Terry Kay dedicated this book to Pat Conroy, one of the South's legendary writers. It is the perfect book to remind us of the talent we lost with Pat Conroy's death and the talent that remains with Terry Kay.
I had the honor of meeting Pat last September. He was just as charming in person as he is on the page--one of those people who is so much bigger than you are and yet who in just a few minutes can make you feel as if, in his mind, you are the special one.
Conroy had been battling pancreatic cancer.
Let Me Die In His Footsteps, Roy's new novel, set in a 1952 Kentucky town, concerns Annie Holleran, a 15 year old girl who has an uncanny sense of knowing how things will turn out before they've played themselves through.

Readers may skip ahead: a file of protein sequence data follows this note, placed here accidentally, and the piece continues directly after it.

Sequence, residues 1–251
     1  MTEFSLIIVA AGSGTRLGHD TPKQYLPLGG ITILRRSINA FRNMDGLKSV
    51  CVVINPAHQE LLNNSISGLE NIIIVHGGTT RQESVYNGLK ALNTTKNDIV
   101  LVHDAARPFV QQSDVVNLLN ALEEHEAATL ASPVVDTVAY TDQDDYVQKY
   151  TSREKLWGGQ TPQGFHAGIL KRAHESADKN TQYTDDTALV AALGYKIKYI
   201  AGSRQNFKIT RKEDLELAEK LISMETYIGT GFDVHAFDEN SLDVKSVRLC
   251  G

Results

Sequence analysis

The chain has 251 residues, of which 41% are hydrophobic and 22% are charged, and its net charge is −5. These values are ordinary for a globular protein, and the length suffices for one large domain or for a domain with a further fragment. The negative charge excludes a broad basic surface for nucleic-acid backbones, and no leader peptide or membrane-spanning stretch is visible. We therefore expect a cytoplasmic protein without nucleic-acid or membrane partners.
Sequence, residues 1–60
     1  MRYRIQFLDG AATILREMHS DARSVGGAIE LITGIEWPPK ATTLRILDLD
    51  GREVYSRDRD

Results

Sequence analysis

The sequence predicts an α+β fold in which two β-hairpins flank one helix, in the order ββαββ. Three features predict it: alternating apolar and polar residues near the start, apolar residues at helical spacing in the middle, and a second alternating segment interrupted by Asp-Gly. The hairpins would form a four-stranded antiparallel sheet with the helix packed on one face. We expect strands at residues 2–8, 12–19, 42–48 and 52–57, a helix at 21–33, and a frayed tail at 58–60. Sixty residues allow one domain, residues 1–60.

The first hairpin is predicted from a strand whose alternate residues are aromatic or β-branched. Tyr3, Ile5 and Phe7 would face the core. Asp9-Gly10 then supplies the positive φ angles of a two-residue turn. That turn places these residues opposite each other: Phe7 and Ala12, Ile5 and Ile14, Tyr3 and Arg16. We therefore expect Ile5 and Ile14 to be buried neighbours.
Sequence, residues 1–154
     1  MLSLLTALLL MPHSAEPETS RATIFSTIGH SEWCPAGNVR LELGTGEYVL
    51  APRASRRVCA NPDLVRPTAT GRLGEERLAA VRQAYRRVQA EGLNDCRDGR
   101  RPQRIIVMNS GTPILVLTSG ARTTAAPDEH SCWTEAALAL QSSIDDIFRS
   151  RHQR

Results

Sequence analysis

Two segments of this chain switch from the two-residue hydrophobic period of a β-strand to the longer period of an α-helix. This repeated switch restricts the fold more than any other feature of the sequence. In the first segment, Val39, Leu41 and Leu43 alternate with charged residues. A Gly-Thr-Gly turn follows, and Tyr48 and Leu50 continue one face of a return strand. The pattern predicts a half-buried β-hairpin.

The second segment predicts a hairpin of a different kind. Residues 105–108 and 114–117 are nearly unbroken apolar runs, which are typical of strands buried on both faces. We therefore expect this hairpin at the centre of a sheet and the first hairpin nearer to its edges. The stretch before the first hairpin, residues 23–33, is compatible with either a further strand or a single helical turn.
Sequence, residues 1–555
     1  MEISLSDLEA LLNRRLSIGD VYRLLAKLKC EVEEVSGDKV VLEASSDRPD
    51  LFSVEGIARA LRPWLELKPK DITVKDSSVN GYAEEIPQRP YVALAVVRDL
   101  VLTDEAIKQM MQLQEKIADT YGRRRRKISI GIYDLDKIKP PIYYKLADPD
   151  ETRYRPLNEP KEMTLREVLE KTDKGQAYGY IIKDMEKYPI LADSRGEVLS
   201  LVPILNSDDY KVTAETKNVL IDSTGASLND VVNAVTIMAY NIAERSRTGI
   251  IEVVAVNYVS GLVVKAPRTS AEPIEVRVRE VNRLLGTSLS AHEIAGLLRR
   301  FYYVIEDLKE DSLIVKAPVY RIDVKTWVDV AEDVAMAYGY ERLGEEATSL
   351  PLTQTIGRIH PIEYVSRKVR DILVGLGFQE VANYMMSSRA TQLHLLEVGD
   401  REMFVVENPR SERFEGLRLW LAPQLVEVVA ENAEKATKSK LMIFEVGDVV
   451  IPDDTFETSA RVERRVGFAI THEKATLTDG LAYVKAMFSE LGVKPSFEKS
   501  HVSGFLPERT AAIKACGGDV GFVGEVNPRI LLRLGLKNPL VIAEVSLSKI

It seems to be all about the crush these days -- man crushes, chick crushes, book crushes. When readers talk about their literary crushes, most are referring to characters in fiction. But when I casually mentioned my longtime infatuation with author Charles Baxter, it seemed to strike a chord.
The power and draw of Pat Conroy remains, but with limitations. My Reading Life has opened me up to his faults -- things which I did not want to see in the past or which were not as blatant.
Shannon Faulkner, the first woman to be admitted to the Citadel Military College, told Good Morning America today that her